Committee recommends renewing liquor license
By Scott Bellile
The New London Finance and Personnel Committee recommended the city renew a liquor license for a bartender whose history of drug and alcohol offences concerned the police chief.
Expressing willingness to give 32-year-old Bree-Ann Leone of New London a second chance, the committee recommended the New London City Council renew her liquor license by a 4-1 vote on June 7, after a half-hour of debate. The renewal is set to appear before the council for final approval Tuesday, June 13.
Voting yes were Dave Morack, John Faucher, Mike Barrington and Tom O’Connell. Mary Tate voted no.
“You realize that you are definitely going to be watched and you’re getting a chance,” Barrington warned Leone. “We’re going to be looking.”
“No, it’s no problem,” said Leone, a bartender at C&R Waterfront, 408 W. North Water St. “I’m not afraid of that at all. I understand what is going on here.”
New London Police Chief Jeff Schlueter denied Leone’s license application based on several drug- and alcohol-related charges filed in 2010 and 2017. Leone opted to appeal to the finance committee, which has the authority to hear an applicant’s appeal and then make a recommendation to the city council to reverse the police chief’s decision.
Schlueter reached his decision by following a “NLPD Bartender’s License Approval Guidelines” flowchart written by former New London Police Chief Kevin Wilkinson. Schlueter decided that because Leone was found guilty of alcohol misuse and drug violations within the last 10 years and, in his opinion, has not shown reformation due to two convictions this past April, her license should not be renewed.
“I have to agree with Jeff,” Tate said. “When you get through with all of your counseling and all of the stuff, you can always come back here and try again, but as of right now, I don’t think it’s a good idea to approve.”
According to court records, Leone’s drug- and alcohol-related convictions include:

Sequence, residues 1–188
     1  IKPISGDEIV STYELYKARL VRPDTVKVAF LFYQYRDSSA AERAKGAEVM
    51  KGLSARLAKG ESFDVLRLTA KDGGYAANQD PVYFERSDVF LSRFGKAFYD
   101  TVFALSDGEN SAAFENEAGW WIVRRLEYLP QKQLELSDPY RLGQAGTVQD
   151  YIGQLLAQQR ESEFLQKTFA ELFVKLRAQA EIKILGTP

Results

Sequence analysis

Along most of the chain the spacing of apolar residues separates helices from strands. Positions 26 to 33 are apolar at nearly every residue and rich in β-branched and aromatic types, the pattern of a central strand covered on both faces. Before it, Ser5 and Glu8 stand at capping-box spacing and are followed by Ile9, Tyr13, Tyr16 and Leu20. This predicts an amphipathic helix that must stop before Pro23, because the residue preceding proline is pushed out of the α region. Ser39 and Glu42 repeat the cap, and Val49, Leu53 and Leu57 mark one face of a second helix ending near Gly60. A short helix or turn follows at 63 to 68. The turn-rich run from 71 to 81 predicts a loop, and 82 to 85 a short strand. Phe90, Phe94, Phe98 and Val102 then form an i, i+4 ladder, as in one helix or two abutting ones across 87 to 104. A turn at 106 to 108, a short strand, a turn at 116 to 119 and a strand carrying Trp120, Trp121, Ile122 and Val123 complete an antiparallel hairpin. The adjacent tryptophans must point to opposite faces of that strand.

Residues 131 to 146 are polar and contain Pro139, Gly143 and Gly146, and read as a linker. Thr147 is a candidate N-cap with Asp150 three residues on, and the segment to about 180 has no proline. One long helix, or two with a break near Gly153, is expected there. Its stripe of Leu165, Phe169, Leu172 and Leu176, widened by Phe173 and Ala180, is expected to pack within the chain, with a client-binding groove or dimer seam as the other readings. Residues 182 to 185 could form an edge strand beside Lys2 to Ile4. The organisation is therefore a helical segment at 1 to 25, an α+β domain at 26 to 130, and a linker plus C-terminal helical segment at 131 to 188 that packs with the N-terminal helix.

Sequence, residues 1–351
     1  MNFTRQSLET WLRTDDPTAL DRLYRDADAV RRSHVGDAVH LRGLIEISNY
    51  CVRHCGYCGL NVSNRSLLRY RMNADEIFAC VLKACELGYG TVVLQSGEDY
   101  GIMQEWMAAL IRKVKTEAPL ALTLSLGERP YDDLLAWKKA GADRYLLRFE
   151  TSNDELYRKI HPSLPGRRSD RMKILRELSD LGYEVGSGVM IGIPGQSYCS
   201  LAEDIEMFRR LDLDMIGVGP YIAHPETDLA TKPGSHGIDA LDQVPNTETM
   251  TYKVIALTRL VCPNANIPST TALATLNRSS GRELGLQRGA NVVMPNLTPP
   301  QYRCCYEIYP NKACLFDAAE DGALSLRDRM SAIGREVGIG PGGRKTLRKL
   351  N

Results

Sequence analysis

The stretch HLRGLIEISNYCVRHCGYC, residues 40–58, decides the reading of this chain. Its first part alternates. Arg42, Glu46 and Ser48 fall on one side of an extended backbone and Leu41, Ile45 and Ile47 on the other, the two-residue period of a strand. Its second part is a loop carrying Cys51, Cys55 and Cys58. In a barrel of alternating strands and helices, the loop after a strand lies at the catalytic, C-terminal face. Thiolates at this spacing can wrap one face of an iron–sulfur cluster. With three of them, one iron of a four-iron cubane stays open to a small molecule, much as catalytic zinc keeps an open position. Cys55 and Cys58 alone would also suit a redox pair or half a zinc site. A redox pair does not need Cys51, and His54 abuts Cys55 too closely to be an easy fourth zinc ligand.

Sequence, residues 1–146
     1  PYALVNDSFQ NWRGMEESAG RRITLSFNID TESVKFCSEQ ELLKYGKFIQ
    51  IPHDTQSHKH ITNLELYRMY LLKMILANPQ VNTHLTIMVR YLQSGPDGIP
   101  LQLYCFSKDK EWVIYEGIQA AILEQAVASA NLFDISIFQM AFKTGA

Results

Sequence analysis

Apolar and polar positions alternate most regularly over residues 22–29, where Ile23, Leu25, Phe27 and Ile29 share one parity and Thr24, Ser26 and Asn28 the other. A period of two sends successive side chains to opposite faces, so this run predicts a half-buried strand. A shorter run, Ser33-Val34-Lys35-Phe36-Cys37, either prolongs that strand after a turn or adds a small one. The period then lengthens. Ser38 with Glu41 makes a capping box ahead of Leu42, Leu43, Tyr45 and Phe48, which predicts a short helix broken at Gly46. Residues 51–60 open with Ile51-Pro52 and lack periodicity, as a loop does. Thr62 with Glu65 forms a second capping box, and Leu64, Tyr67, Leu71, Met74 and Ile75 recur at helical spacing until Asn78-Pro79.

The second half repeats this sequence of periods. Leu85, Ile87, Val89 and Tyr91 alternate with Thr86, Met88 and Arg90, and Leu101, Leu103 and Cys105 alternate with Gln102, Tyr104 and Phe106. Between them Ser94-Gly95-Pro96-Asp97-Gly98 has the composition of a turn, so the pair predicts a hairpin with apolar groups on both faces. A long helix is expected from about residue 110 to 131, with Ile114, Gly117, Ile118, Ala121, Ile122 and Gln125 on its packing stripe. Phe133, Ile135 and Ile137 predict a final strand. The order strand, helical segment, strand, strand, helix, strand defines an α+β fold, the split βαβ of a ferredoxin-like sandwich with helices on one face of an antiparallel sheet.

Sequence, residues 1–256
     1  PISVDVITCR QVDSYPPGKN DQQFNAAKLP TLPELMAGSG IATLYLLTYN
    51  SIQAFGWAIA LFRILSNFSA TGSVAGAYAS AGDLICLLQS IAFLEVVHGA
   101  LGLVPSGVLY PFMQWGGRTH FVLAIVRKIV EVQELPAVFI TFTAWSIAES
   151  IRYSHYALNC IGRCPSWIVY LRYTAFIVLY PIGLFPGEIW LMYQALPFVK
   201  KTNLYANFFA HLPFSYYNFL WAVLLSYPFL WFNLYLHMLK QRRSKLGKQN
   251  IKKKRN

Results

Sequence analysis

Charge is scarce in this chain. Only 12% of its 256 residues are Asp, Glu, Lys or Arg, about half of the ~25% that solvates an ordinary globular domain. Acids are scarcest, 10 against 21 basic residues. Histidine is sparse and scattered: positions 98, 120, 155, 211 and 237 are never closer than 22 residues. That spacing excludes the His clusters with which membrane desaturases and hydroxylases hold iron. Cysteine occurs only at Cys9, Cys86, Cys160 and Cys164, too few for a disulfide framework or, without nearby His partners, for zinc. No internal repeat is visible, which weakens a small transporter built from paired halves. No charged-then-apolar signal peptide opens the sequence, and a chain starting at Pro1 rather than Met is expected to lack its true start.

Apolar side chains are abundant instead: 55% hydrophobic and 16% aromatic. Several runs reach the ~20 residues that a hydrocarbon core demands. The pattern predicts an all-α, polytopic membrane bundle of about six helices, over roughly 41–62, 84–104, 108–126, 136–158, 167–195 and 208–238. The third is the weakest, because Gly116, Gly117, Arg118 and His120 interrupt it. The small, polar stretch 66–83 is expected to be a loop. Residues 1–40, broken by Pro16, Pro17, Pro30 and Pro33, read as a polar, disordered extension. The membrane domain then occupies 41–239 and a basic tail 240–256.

• April 7: Misdemeanor possession of a controlled substance (methamphetamine) in Waupaca County. The offense occurred in December 2015.
• April 7: Misdemeanor operating while intoxicated-second offense in Waupaca County. The charge stemmed from a Nov. 18 incident.
• 2010: Felony delivery of non-narcotics and misdemeanor possession of marijuana in Waushara County. She was placed on three and two years of probation, respectively, for the convictions. The offenses occurred in September 2009.
• 2010: Misdemeanor possession of an illegally obtained prescription in Waushara County. A felony charge of delivery of marijuana was dismissed but read in to the record for sentencing purposes. The offenses occurred in August 2009.
During last week’s appeal, Leone told the committee she made poor choices in the past but is correcting them. She participates in the court-ordered Safe Streets Treatment Options Program and undergoes further counseling. She attends college, where last semester she made the dean’s list.
“I took these experiences in learning to practice and I’m trying hard to better my life and my children’s and also be a good role model for them,” she said.
C&R Waterfront owner Chong Hanamann vouched for Leone, calling her trustworthy and responsible. C&R Waterfront’s small staff would be dealt a setback if Leone became ineligible to work, Hanamann said.
Hanamann said she operates her bar under strict rules that Leone abides by. Hanamann said she can sleep at night knowing her business is in Leone’s hands.
Leone added: “I don’t steal. I don’t lie. I haven’t had any marks against my bartending records for serving minors or being open past when we’re supposed to be. And also I’m not allowed to drink behind bar, and I haven’t drank behind the bar because of such rule.”
Faucher, a C&R Waterfront patron, said he observes too many bartenders at other New London establishments do things on the job “that would really make you lay awake in bed at night.” He said he has witnessed firsthand that this is not the case with Leone.
“I see what goes on with the other bartenders,” Faucher said of those working elsewhere. “Maybe they’ve got a clean record, maybe they didn’t get caught, [but] I see them shaking dice, I see them feeding people shots that can’t walk even from the bathroom to their stool. I frequent the bar that you [Leone] work at. I’ve never seen that when you’re working there, and I know that Chong … runs a pretty tight ship. When I see bartenders that work for her not running a tight ship, I’m going to let her know.”
Faucher asked for special conditions on Leone’s license that would allow her no leeway if she falls out of line. Schlueter offered to perform a background check on her in six months and report to the committee if he finds another offence, to which the committee agreed before voting to recommended her license renewal to the city council.